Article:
North Carolina v. Lamp (N.C. 2022)
North Carolina Supreme Court opinion reversing conviction of homeless registrant for failure to register, concluding that the evidence presented at trial was insufficient to support an inference of deceptive intent and noting that only “willful” registration violations were criminalized.
Matter of Stevens (Wash. 2022)
Washington Supreme Court opinion granting required registrant’s application for admission to the WSBA after considering the applicant’s “past wrongful behavior” alongside “the steps he has taken to improve himself and hold himself accountable” concluding that applicant had adequately established his good moral character and fitness to practice law and stating “like all of us, [the applicant] is more than the sum of the worst moments of his life.”
People v. Talluto (N.Y. 2022)
New York Court of Appeals opinion holding that SORA requires persons subject to its foreign registration requirements to be designated as “sexually violent” regardless of whether their underlying offense was violent in nature.
SORN Secondary Materials
Library of Congress and Department of Justice Issue Survey of Sex Offense Registration and Notification Laws around the World
A recent 2022 global survey highlights the rapid proliferation of sex offense registration laws world-wide since the United States enacted a national sex offense registration system in 1994. The survey, prepared by the Federal Research Division of the …
SOLPRC’s Guide for Practitioners to New Federal SORNA Regulations Effective January 7, 2022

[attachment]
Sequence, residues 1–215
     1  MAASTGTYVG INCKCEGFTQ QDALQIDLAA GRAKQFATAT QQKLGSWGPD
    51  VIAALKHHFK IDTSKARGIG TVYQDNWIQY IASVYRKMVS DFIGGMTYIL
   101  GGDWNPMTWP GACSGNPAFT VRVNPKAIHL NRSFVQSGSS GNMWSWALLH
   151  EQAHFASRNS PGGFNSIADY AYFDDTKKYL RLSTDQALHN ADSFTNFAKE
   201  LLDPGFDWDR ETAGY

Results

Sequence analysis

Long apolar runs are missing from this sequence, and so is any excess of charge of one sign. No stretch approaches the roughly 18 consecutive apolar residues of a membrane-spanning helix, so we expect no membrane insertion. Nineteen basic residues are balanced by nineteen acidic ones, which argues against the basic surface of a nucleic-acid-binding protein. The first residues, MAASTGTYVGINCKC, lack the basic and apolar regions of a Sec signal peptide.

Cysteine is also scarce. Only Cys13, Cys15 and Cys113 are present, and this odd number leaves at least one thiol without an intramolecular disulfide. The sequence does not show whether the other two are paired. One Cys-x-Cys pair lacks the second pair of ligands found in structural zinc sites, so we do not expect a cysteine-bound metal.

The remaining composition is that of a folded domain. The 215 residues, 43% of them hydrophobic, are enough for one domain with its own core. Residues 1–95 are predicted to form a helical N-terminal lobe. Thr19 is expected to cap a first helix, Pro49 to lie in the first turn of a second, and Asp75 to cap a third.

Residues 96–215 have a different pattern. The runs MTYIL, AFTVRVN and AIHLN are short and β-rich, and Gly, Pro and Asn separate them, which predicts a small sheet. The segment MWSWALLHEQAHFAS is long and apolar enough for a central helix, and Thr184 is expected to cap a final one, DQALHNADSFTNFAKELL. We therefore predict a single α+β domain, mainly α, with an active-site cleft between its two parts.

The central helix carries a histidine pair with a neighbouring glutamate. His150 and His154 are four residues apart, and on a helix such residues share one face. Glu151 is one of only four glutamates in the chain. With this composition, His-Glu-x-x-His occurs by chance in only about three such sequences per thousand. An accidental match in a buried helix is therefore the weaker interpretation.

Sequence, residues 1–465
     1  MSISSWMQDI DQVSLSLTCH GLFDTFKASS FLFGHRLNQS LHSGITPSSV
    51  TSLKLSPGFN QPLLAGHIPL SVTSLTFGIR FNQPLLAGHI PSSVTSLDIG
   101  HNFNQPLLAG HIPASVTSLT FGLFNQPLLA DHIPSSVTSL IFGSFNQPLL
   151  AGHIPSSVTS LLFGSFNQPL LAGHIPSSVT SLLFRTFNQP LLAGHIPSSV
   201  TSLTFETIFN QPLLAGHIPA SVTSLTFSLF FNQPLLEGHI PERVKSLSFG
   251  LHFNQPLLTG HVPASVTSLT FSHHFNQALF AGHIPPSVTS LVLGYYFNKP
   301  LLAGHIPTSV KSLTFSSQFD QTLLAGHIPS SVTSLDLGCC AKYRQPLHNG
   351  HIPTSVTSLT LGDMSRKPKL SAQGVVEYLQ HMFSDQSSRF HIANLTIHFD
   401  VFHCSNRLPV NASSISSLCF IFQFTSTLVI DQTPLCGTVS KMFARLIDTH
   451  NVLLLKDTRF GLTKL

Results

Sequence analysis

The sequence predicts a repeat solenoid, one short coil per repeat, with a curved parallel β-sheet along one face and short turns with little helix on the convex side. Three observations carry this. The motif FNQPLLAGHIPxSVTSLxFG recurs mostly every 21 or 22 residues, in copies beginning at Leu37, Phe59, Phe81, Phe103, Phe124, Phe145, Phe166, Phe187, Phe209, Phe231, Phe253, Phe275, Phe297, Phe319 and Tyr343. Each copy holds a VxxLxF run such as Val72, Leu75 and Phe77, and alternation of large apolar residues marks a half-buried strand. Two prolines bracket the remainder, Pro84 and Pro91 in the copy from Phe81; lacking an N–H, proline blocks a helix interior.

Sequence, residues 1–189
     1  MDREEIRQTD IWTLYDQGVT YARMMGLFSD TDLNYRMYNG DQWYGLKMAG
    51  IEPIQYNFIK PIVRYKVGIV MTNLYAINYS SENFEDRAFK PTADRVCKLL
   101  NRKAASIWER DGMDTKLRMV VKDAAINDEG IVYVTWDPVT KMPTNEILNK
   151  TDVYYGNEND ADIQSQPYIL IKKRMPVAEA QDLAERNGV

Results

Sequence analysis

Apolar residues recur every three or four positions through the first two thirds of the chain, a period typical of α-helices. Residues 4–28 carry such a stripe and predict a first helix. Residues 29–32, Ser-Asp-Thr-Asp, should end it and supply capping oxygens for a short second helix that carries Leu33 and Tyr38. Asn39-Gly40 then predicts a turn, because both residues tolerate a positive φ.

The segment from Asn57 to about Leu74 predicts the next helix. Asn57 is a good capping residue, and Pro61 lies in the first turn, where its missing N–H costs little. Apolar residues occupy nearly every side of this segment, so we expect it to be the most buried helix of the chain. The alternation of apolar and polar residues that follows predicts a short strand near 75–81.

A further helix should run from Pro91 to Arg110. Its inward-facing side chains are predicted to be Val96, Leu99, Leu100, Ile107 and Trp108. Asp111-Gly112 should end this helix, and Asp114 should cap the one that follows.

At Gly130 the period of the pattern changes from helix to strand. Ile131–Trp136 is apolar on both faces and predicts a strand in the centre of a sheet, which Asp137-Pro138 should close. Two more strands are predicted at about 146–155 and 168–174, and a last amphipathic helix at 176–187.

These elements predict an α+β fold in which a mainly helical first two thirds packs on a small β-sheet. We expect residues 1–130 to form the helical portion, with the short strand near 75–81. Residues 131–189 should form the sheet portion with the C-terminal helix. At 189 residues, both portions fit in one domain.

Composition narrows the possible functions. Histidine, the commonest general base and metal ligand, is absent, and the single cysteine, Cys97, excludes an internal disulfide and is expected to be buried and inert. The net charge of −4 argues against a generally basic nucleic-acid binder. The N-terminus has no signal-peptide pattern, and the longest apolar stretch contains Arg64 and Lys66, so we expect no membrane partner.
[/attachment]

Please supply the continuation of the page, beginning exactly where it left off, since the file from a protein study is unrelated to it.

On December 8, 2021, the Department of Justice (“DOJ”) published regulations regarding the implementation of the Sex Offender Registration and Notification Act (“SORNA”). The new regulations are notable for their emphasis on the responsibility of indiv …
Fourth Amendment Constraints on the Technological Monitoring of Convicted Sex Offenders
More than forty U.S. states currently track at least some of their convicted sex offenders using GPS devices. Many offenders will be monitored for life. The burdens and expense of living indefinitely under constant technological monitoring have been well documented, but most commentators have assumed that these burdens were of no constitutional moment because states have characterized such surveillance as “civil” in character — and courts have seemed to agree. In 2015, however, the Supreme Court decided in Grady v. North Carolina that attaching a GPS monitoring device to a person was a Fourth Amendment search, notwithstanding the ostensibly civil character of the surveillance. Grady left open the question whether the search — and the state’s technological monitoring program more generally — was constitutionally reasonable. This Essay considers the doctrine and theory of Fourth Amendment reasonableness as it applies to both current and envisioned sex offender monitoring technologies to evaluate whether the Fourth Amendment may serve as an effective check on post-release monitoring regimes.
COVID-19: Strategies for Reducing Transmission
In response to the current COVID-19 Pandemic, the Sex Offense Litigation and Policy Resource Center has published a set of guidelines for law enforcement, policy experts, and others with respect to law and policy focused on those with past convictions …Posted: March 28, 2020
Reason — Sex Offender Laws Are Broken. These Women Are Working to Fix Them.
By Hallie Lieberman | Feb. 2020 Sandy Rozek is the polar opposite of what comes to mind when you hear the word activist. A 78-year-old great-grandmother and retired high school English teacher who lives in Houston, Rozek is not woke, doesn’t post on Tw …Posted: January 25, 2020
The Appeal: What Is The Purpose of Sex Offense Registries?
By Sarah Lustbader | December 10th, 2019 Two days ago, the Union-Recorder in Georgia published a bizarre editorial. The editorial board noted that the state’s sex offender registry system drives people into homelessness and deprived them of counseling …Posted: December 14, 2019